Archives Sigmoid Sinus Fenestration in Pulsatile Tinnitus

Venous pulsatile tinnitus is one of the most common causes of this under-recognized disorder. The hallmark of venous tinnitus is the ability of patient to suppress the sound by ipsilateral jugular compression, which reduces flow in the entire ipsilateral transverse/sigmoid/jugular condiut. Even patients with large emissary veins are able to suppress the sound completely or nearly completely using this maneuver.  Venous pulsatile tinnitus is most common on the side of the dominant sinus, which is why there are more people with right than left sided pulsatile tinnitus around.  Venous stenosis is the most common cause of venous pulsatile tinnitus.  Other causes such as dehiscent jugular wall, diverticula, high-riding bulb, and very rarely fenestrations have been described.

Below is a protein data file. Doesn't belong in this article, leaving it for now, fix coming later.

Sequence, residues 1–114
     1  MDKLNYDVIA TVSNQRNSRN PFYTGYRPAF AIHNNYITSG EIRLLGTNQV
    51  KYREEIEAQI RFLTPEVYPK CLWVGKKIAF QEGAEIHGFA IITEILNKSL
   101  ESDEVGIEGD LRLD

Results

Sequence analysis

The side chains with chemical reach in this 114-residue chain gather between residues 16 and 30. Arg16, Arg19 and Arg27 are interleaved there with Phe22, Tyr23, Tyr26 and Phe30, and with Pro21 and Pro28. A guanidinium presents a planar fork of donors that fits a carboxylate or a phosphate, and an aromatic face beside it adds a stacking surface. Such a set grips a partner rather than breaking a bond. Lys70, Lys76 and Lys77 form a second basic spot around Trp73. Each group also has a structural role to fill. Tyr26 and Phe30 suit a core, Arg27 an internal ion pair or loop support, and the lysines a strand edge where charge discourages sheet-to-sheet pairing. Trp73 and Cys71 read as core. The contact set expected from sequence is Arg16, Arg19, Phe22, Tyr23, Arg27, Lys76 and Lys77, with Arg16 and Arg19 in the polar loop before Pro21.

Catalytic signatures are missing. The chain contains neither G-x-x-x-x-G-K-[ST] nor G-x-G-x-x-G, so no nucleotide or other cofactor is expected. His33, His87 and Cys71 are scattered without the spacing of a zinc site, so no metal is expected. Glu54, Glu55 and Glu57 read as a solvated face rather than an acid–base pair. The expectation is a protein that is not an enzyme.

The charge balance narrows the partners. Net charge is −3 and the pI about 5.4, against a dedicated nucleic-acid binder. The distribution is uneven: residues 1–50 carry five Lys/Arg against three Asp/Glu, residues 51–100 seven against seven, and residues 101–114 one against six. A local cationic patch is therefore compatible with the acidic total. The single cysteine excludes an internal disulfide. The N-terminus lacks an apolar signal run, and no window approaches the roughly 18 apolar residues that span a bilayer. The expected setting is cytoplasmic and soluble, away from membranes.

This patient presented with left-sided pulsatile tinnitus — the non-dominant sinus side.  The sound can be predictably abolished by left lateral neck compression.  A relatively rare sigmoid sinus fenestration was identified on MRI

sigmoid sinus fenestration pulsatile tinnitus


Source images

sigmoid sinus fenestration pulsatile tinnitus


Management has been conservative.   See also Cerebral Venous Sinuses page of Venous Brain Anatomy section